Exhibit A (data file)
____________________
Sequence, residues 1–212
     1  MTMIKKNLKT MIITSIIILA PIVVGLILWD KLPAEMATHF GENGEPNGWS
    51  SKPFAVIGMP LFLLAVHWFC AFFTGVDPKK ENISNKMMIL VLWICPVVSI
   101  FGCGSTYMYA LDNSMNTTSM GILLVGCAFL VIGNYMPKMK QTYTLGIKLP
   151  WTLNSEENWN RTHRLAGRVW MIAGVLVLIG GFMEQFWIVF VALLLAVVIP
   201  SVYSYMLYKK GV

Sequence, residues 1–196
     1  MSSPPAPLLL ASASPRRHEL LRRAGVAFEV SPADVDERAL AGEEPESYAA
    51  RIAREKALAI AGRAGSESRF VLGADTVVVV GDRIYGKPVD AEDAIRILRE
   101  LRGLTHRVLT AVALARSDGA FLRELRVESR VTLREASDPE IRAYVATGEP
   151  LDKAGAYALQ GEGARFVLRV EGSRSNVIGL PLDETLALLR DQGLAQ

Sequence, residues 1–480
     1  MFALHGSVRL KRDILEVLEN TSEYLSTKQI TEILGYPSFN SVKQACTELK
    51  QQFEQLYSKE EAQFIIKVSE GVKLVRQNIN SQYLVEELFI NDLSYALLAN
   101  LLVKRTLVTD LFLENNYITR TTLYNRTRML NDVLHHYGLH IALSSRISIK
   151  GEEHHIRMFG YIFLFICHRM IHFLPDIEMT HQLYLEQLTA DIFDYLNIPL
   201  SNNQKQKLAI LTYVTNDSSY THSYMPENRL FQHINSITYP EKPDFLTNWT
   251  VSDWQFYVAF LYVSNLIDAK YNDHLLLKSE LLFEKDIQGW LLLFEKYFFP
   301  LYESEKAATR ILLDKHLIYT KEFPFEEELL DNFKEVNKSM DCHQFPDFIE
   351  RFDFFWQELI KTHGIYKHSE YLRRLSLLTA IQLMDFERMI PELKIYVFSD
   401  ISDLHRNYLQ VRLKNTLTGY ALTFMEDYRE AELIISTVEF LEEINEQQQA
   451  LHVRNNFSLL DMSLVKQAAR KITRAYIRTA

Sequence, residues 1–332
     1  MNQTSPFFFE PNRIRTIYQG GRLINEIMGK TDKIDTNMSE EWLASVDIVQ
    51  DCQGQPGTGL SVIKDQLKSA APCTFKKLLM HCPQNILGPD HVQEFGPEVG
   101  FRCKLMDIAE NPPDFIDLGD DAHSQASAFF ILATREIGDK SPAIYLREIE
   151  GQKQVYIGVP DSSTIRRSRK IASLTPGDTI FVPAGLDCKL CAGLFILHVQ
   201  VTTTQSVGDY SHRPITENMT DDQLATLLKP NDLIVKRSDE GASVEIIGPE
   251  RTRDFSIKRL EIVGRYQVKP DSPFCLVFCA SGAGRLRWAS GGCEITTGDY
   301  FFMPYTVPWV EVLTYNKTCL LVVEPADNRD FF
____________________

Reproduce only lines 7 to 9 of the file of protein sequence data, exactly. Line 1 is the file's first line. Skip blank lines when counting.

Sequence, residues 1–196
     1  MSSPPAPLLL ASASPRRHEL LRRAGVAFEV SPADVDERAL AGEEPESYAA
    51  RIAREKALAI AGRAGSESRF VLGADTVVVV GDRIYGKPVD AEDAIRILRE